Dawn Of the Mummy (US Vs. UK Editions)

I was talking on a forum recently about Dawn Of the Mummy, saying how the UK disc is so much better, with the anamorphic widescreen print and the commentary. But I've been thinking about that discussion for the last couple days. Was the UK disc really so much better? I was operating from some pretty old memories. It was time to break out both versions and give 'em the full DVD Exotica treatment.
If you've never seen Dawn, don't let it's title and artwork fool you. This is not one of those mummy movies where a bunch of stuffy English professors stand around in a drawing room warning each other about the mummy they'll finally confront in the last five minutes. This has more in common with Fulci than Hammer or the Universal classics. It's not Italian, though; it's an Egyptian movie in English with some American stars. The set-up is traditional: in ancient Egypt, a king is buried with his treasures and a curse. Cut to modern times and an American is excavating the tomb with his local guides. So naturally the mummy wakes up and is out for blood.
But things start to get very 80s when a group of attractive young models stumble into the same pyramid, looking to smoke, screw and have a photo shoot. And the mummy, who's a freakishly tall, bad-ass looking mummy, also happens to command an army of the dead, who pure zombie flesh eaters. Everyone winds up at an outdoor Egyptian wedding in a small village, and it's practically war between the living and the dead. Things move at a pretty good clip here; you won't be bored at long, dry scenes of exposition. It gets right down to the exploitation. And while this movie definitely looks and feels cheap, it's also got some pretty impressive production values. The film was shot in both NY and Egypt. Some interiors are shot on sound-stages, but they're often out riding on horses and camels in and around real pyramids. And the special effects for the mummy, the kills and explosions are all pretty strong. The acting and the dialogue are poor, but that almost adds to the fun.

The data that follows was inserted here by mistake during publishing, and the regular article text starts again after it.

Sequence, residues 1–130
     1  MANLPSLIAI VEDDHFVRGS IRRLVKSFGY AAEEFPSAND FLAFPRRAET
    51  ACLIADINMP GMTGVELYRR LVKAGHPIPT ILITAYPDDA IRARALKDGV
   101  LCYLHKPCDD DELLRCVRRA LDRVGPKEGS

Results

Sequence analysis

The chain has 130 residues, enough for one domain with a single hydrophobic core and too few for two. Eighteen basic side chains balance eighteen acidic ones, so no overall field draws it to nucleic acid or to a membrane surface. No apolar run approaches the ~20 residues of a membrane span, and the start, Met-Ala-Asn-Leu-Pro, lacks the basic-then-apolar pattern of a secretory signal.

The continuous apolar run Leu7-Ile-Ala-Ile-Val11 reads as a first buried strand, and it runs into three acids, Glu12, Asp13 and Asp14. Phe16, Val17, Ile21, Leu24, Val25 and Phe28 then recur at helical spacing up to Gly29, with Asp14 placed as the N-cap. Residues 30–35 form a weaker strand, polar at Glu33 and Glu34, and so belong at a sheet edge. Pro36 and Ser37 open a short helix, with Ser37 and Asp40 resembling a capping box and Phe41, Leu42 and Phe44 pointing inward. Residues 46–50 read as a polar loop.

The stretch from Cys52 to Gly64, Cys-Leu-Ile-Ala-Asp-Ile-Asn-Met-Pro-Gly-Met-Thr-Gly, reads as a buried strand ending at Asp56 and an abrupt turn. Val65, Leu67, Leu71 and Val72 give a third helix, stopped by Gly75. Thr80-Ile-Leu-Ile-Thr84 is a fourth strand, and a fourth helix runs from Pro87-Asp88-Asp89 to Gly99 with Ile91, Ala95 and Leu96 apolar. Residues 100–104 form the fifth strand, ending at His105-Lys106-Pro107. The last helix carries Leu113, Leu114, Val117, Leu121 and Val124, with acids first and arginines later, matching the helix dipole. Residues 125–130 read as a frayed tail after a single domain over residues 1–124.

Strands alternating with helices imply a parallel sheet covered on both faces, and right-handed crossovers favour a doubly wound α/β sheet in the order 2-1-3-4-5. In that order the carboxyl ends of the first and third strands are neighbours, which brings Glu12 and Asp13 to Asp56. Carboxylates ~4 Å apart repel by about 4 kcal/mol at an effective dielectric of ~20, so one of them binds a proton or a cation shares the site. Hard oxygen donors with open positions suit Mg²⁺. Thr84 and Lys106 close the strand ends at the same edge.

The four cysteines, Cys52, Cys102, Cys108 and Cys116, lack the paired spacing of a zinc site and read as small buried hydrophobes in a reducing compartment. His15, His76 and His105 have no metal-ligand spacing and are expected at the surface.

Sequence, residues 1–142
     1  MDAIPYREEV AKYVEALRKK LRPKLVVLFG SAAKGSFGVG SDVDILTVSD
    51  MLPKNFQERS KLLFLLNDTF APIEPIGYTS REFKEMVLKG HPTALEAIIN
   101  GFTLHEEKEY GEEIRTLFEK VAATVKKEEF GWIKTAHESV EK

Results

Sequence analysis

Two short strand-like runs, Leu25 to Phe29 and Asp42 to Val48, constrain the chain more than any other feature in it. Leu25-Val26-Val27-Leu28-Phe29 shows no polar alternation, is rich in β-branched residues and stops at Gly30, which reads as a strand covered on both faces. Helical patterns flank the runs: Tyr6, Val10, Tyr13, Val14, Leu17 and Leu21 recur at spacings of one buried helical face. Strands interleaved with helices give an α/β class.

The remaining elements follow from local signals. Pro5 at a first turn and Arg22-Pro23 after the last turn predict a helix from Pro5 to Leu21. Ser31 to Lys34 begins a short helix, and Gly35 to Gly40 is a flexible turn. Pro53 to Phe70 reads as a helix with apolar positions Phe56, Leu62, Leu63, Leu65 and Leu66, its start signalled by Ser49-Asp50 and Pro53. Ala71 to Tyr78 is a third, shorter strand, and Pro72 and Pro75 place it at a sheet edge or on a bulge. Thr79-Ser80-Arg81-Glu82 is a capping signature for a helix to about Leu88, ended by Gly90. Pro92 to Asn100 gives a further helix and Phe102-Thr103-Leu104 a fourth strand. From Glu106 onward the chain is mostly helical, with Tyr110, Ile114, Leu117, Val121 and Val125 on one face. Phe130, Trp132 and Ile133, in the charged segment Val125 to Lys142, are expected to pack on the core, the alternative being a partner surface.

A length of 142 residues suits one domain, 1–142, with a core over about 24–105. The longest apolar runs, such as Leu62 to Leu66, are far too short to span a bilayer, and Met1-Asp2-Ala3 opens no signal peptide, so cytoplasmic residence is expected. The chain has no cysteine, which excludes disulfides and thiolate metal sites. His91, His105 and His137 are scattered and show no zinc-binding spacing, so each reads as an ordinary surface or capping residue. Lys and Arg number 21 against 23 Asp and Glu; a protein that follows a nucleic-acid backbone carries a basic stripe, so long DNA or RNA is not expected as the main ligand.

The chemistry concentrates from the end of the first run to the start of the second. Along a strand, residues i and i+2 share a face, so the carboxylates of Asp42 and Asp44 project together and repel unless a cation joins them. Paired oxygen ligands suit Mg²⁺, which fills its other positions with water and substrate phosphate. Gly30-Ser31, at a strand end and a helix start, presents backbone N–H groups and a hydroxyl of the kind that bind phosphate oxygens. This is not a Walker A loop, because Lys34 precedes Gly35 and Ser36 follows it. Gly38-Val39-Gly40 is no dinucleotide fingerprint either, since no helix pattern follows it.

So Dawn Of the Mummy was released in both the US and the UK in 2003. Only Anchor Bay's UK disc had the anamorphic widescreen transfer, though, so the word was out avoid Madacy's US DVD. But looking back at my UK disc, it's not too pretty. So I borrowed a Madacy disc to see how they really do compare, and I was somewhat surprised.
Madacy on top, Anchor Bay fullscreen mid, and AB widescreen bottom.
One surprise is just that I forgot Anchor Bay gave you a choice: even before the main menu, you get to pick 4:3 or 16x9. Okay, cool; I'll take that. The 4:3 (on both discs) is open matte, no a pan & scanned or chopped off sides deal. The widescreen appears to be the OAR and generally looks better, but some shots, like the one above where the pyramid tip isn't cut off, almost looks better composed for 4:3. So I'm not mad at us having the choice. Even the widescreen is slightly pillarboxed to about 1.72:1.